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From: quanah@openldap.org
Subject: SECURITY: ACL protections get lost if same identity uses different SSF levels
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3 followups: 1 2 3

Major security issue: yes  no

Notes:

Notification:


Date: Tue, 09 Jul 2019 21:23:42 +0000
From: quanah@openldap.org
To: openldap-its@OpenLDAP.org
Subject: SECURITY: ACL protections get lost if same identity uses different SSF levels
Full_Name: Quanah Gibson-Mount
Version: 2.4.47
OS: N/A
URL: ftp://ftp.openldap.org/incoming/
Submission from: (NULL) (47.208.128.44)


It is common set a security factor level in ACL statements to ensure that that
strength level must be met for an operation to proceed.  A common example of
this would be sasl_ssf=56 (require SASL/GSSAPI) or tls_ssf=256 (require TLS).

However, these protections fail if an operation does *not* meet the security
specifications is executed AFTER an operation that does meet the required
security specifications.

I have a slapd.conf file that has the following access restrictions:

access to *
    by self write
    by sockurl.exact="ldapi:///" write
    by users sasl_ssf=56 read
    by anonymous auth

After starting slapd, we can see that this ACL is correctly honored when I
search via a cleartext connection (no TLS, no SASL, etc):

# /etc/init.d/slapd restart
slapd stopping....  done.
slapd starting...  done.
# ldapsearch -LLL -x -H ldap:/// -D
krb5PrincipalName=bob@RB.SYMAS.NET,ou=KerberosPrincipals,dc=example,dc=com -w
secret -b dc=example,dc=com krb5PrincipalName=bob@RB.SYMAS.NET
No such object (32)
# ldapsearch -LLL -x -H ldap:/// -D
krb5PrincipalName=bob@RB.SYMAS.NET,ou=KerberosPrincipals,dc=example,dc=com -w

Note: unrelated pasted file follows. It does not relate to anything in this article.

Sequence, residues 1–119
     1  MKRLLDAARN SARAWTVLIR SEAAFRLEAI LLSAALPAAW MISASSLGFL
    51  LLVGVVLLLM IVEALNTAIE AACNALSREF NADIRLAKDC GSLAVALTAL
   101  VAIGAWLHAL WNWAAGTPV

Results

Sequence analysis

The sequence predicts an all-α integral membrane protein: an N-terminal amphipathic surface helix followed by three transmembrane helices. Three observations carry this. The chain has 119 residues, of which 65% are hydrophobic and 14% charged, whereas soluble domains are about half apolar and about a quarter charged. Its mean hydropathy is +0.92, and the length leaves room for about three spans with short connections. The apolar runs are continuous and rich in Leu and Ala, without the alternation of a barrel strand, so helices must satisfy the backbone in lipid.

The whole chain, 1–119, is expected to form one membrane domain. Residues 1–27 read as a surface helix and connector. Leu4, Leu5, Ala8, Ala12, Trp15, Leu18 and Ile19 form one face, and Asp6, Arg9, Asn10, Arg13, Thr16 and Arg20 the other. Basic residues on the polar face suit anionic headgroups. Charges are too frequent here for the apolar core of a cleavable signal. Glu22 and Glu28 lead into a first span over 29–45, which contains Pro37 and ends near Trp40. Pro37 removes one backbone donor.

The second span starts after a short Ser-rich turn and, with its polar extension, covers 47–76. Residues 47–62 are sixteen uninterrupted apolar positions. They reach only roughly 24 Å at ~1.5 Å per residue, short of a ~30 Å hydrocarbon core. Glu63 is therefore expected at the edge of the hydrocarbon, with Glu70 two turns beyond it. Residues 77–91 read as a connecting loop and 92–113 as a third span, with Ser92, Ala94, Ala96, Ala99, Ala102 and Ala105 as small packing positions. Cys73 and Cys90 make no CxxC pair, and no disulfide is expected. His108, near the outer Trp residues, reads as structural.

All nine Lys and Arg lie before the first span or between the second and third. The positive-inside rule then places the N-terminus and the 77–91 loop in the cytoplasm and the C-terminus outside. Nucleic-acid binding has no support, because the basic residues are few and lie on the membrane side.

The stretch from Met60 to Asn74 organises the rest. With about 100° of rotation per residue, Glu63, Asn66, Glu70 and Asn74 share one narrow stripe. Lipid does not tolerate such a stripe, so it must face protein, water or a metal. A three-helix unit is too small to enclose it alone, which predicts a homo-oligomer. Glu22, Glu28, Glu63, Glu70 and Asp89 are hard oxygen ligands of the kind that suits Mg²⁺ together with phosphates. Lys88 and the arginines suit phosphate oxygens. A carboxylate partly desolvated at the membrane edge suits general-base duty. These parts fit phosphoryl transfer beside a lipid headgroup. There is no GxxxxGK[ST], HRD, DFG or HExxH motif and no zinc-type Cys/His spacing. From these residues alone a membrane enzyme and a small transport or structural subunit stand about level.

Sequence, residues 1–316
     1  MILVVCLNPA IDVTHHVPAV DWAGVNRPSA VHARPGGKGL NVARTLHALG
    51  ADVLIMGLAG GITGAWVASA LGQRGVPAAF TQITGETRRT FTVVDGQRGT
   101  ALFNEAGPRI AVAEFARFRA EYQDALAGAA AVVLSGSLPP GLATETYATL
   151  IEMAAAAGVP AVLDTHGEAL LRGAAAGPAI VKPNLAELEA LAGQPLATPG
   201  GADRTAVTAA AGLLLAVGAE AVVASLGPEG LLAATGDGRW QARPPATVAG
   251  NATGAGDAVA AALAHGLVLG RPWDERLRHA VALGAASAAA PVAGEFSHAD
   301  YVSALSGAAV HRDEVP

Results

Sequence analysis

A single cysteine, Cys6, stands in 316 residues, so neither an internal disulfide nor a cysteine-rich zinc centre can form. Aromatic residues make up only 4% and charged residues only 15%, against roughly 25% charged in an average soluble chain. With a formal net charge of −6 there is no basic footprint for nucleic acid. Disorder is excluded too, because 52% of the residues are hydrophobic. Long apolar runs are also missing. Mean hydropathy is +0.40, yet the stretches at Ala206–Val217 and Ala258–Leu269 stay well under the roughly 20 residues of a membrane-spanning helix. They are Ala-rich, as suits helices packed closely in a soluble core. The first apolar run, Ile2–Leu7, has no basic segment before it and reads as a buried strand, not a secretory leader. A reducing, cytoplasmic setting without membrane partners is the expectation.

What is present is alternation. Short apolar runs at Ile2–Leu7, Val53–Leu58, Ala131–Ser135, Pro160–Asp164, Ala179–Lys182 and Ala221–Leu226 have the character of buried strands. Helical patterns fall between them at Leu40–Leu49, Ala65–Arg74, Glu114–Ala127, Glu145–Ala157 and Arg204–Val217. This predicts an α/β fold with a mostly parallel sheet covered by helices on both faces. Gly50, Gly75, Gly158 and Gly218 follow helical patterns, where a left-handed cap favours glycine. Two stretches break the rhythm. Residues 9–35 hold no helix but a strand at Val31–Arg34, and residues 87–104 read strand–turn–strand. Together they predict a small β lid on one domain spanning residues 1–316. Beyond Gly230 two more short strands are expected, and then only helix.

secret -b dc=example,dc=com krb5PrincipalName=bob@RB.SYMAS.NET
No such object (32)

(I ran it twice just to ensure the result)

Next, I do a SASL/GSSAPI bind (which maps to the same user entry), and we
(correctly) get a result:

# ldapsearch -LLL -Q -Y GSSAPI -H ldap:// -X u:bob -b dc=example,dc=com
krb5PrincipalName=bob@RB.SYMAS.NET                                              
 dn: krb5PrincipalName=bob@RB.SYMAS.NET,ou=KerberosPrincipals,dc=example,dc=com
objectClass: top
objectClass: account
objectClass: krb5Principal
objectClass: krb5KDCEntry
objectClass: simpleSecurityObject
krb5PrincipalName: bob@RB.SYMAS.NET
uid: bob
krb5KeyVersionNumber: 1
krb5ExtendedAttributes:: MBqgAwEBAKETpxEYDzIwMTkwNzA5MjEwNDAzWg==
krb5MaxLife: 86400
krb5MaxRenew: 604800
krb5KDCFlags: 126
krb5Key:: MEmhKzApoAMCARKhIgQgCua45ttcKFQ+ZUJfapWldQ9wLqGBvHgg9hQLjc2faYyiGjAY
 oAMCAQOhEQQPUkIuU1lNQVMuTkVUYm9i
krb5Key:: MEGhIzAhoAMCARChGgQYMcRG2uw0ATh89Fc4pG2Ag5h8OOb+eo8mohowGKADAgEDoREE
 D1JCLlNZTUFTLk5FVGJvYg==
krb5Key:: MDmhGzAZoAMCARehEgQQt8iZFUGX6KKjMSHXaiQKtaIaMBigAwIBA6ERBA9SQi5TWU1B
 Uy5ORVRib2I=
userPassword:: c2VjcmV0


Finally, I re-run my original search, and this time it INCORRECTLY returns
results:

# ldapsearch -LLL -x -H ldap:/// -D
krb5PrincipalName=bob@RB.SYMAS.NET,ou=KerberosPrincipals,dc=example,dc=com -w
secret -b dc=example,dc=com krb5PrincipalName=bob@RB.SYMAS.NET
dn: krb5PrincipalName=bob@RB.SYMAS.NET,ou=KerberosPrincipals,dc=example,dc=com
objectClass: top
objectClass: account
objectClass: krb5Principal
objectClass: krb5KDCEntry
objectClass: simpleSecurityObject
krb5PrincipalName: bob@RB.SYMAS.NET
uid: bob
krb5KeyVersionNumber: 1
krb5ExtendedAttributes:: MBqgAwEBAKETpxEYDzIwMTkwNzA5MjEwNDAzWg==
krb5MaxLife: 86400
krb5MaxRenew: 604800
krb5KDCFlags: 126
krb5Key:: MEmhKzApoAMCARKhIgQgCua45ttcKFQ+ZUJfapWldQ9wLqGBvHgg9hQLjc2faYyiGjAY
 oAMCAQOhEQQPUkIuU1lNQVMuTkVUYm9i
krb5Key:: MEGhIzAhoAMCARChGgQYMcRG2uw0ATh89Fc4pG2Ag5h8OOb+eo8mohowGKADAgEDoREE
 D1JCLlNZTUFTLk5FVGJvYg==
krb5Key:: MDmhGzAZoAMCARehEgQQt8iZFUGX6KKjMSHXaiQKtaIaMBigAwIBA6ERBA9SQi5TWU1B
 Uy5ORVRib2I=
userPassword:: c2VjcmV0



This is a significant problem, as it means any protections to ensure encryption
is required for results to be returned for a given identity are utterly lost.

Followup 1

Download message
Date: Wed, 24 Jul 2019 14:40:24 -0700
From: Quanah Gibson-Mount <quanah@symas.com>
To: openldap-its@OpenLDAP.org
Subject: Re: (ITS#9052) SECURITY: ACL protections get lost if same identity
 uses different SSF levels
--On Wednesday, July 24, 2019 8:06 PM +0000 openldap-its@OpenLDAP.org wrote: